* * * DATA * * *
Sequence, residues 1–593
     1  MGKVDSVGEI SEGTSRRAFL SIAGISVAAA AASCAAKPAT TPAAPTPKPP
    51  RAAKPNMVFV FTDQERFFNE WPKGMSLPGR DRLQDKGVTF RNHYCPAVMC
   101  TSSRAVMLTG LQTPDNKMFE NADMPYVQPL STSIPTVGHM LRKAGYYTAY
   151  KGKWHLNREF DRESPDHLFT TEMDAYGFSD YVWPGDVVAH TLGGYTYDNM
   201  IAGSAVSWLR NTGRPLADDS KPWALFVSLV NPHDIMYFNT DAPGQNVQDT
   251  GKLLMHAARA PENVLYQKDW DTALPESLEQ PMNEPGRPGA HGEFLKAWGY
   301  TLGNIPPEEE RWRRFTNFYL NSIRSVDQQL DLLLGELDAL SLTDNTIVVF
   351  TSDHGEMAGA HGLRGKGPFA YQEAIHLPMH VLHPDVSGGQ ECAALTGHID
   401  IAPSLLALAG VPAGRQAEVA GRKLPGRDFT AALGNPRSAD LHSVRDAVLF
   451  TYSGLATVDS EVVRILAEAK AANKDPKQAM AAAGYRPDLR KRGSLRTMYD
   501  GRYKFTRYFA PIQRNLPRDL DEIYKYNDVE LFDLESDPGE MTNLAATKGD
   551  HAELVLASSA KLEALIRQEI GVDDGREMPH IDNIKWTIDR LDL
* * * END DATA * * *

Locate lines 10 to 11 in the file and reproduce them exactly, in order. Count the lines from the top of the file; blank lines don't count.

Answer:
   401  IAPSLLALAG VPAGRQAEVA GRKLPGRDFT AALGNPRSAD LHSVRDAVLF
   451  TYSGLATVDS EVVRILAEAK AANKDPKQAM AAAGYRPDLR KRGSLRTMYD